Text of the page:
A month after the successful merger of the American (AAL) and US Airways reservations systems, American said that next year it will remodel its frequent-flyer program.

The announcement came Tuesday, just days before the start of the heavy Thanksgiving Day travel period, one more indication that American is happy with the reservations cutover and has no worries that Thanksgiving travel will be impacted by it.

American executives had been saying for months that they were giving their full attention to the cutover, precluding changes in other areas where they also seek improvements. The change in the frequent flyer program means passengers will earn miles on the basis of dollars spent not miles flown, mimicking similar changes at other carriers.

American shares closed Wednesday at $41.75, down 55 cents. Year to date, shares are down 22%. Since Jan. 1, United shares have fallen 14%, Delta shares have fallen 3%, and Southwest shares have gained 9%.

American, Delta and United have lagged due to the strong dollar, overcapacity in some international markets and weak economies in others, and American has had added burdens, while other carriers led by Southwest have benefited from a domestic focus.

"AAL feels the most out of favor among the big four U.S. airlines due to management's resolve on price matching and a perceived cavalier approach to leverage," wrote Wolfe Research analyst Hunter Keay in a note issued Friday. "But we think AAL has opportunities that others don't."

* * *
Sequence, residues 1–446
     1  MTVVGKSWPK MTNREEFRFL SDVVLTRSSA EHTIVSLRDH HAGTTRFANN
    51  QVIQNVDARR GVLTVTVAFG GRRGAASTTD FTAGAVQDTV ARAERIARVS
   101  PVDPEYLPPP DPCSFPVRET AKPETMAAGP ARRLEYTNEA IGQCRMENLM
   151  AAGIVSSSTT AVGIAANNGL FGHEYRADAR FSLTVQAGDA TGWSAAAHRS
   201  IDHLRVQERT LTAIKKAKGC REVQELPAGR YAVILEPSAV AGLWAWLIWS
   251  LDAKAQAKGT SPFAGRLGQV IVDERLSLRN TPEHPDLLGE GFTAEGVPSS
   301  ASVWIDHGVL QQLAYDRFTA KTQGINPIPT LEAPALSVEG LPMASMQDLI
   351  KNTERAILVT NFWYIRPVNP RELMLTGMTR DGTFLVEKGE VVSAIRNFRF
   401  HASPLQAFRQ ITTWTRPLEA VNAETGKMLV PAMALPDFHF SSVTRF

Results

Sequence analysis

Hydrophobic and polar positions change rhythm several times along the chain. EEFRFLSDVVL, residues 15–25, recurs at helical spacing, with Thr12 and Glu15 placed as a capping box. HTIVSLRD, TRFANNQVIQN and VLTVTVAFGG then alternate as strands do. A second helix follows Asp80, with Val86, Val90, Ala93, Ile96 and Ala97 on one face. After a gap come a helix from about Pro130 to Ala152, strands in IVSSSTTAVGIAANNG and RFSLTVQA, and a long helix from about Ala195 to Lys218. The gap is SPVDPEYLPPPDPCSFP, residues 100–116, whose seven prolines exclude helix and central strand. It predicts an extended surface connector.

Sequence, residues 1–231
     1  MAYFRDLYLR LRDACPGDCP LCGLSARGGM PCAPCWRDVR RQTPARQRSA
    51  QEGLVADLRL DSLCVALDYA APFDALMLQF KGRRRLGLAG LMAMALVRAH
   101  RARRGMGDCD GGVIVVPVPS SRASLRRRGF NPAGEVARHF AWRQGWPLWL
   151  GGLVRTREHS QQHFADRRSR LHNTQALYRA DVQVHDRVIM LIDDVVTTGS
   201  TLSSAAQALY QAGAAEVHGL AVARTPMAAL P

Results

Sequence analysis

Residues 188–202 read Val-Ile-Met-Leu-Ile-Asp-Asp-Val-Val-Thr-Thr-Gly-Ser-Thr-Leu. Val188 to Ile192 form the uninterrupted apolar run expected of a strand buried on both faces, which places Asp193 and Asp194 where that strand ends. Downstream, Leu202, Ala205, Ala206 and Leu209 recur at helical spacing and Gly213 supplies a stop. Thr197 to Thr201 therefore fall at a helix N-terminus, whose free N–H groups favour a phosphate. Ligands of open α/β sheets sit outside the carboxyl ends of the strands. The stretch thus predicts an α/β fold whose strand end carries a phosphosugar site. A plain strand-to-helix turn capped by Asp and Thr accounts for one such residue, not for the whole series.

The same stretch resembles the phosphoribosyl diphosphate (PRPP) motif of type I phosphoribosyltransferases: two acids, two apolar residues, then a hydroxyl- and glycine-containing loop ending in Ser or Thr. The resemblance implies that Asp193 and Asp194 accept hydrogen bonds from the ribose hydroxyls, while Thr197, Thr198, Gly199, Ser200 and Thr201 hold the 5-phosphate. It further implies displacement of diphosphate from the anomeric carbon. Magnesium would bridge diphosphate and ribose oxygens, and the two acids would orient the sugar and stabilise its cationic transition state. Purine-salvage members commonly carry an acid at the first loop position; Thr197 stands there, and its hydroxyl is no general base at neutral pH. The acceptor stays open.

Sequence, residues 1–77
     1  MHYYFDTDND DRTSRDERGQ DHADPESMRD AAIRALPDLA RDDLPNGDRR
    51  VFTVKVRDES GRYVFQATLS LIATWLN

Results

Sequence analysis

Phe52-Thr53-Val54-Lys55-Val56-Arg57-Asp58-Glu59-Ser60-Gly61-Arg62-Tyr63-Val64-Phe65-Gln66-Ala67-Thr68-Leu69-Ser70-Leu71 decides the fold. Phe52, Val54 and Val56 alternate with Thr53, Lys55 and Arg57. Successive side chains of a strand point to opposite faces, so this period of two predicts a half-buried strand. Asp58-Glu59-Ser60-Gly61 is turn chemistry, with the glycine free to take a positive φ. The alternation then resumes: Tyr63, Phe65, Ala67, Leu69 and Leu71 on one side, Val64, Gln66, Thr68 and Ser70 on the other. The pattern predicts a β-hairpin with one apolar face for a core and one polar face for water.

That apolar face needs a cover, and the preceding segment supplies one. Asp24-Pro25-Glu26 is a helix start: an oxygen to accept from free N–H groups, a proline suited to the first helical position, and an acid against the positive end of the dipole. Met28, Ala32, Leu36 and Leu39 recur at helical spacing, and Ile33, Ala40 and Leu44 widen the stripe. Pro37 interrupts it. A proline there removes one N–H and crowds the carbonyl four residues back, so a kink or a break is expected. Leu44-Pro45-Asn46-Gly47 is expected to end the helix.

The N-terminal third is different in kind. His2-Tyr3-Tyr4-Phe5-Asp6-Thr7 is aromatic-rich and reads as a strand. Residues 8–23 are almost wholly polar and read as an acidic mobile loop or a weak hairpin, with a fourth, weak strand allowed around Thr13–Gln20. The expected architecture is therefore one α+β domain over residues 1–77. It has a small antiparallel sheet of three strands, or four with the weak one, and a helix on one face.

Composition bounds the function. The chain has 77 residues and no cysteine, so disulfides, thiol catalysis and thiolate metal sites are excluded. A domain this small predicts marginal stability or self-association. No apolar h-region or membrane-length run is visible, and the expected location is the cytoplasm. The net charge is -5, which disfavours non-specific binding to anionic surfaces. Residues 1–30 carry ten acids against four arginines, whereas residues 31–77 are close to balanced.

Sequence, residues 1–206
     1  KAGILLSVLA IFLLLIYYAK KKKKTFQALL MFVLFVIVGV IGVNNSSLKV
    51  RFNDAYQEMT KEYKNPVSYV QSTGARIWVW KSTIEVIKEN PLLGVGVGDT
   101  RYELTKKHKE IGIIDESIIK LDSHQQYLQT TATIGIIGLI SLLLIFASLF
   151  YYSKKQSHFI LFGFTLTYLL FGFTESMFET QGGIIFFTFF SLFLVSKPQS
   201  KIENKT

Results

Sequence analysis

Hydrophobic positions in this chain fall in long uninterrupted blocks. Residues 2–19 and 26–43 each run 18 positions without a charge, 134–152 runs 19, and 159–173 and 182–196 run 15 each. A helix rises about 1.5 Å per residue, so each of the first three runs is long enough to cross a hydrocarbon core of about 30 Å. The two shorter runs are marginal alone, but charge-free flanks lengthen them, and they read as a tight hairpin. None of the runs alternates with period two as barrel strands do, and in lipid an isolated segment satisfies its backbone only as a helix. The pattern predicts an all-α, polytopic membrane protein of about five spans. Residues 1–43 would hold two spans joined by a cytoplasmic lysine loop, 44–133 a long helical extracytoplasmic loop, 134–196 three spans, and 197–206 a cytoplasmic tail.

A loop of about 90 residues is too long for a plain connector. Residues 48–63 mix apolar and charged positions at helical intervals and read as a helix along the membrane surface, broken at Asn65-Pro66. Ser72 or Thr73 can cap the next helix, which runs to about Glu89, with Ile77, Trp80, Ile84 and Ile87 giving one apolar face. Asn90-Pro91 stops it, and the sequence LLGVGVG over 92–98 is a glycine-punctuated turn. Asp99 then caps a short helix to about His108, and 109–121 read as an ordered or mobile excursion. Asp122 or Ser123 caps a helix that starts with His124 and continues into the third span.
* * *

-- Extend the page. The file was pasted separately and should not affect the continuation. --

Among the opportunities, Keay said American can better match aircraft with routes, and it can also ratchet down the impact of its efforts to match fares offered by Spirit (SAVE - Get Report) and other low-cost carriers.

In matching Spirit, "AAL is killing mice with hand grenades and, in the process, also competing with itself," Keay wrote. Next year, Keay expects, American will unveil a version of Delta's "Basic Economy" fares, which offer limited seat selection and last-in-line boarding.

Additionally, "Watch for AAL to unlock revenue synergies through gauge optimization by putting the right planes in the right markets after the {reservations} cutover," he said, adding that analyst expectations are low for American and "2016 consensus looks beatable."

On American's third-quarter earnings call, President Scott Kirby said that work on the reservations cutover imposed "a lot of constraints -- even just resource constraints of people spending eight hours a day working on the res system integration and then trying to do their day job after they finished all their work on res system integration.

"I can't put specific numbers on it, but I feel pretty optimistic that we've been held back a little bit," Kirby said. "And now being able to turn our full attention in those groups to optimizing revenue, I believe, will lead to relative outperformance."

One area where American can add value, he said, is through another credit card deal. "All three of our big major competitors have credit card deals on a year-over-year basis that have {revenue per available seat mile} flowing through to the bottom line," he said.

In September, on the day after United announced an extension of its credit card deal with JPMorgan Chase and Visa, United shares gained nearly 6%.

This article is commentary by an independent contributor. At the time of publication, the author held no positions in the stocks mentioned.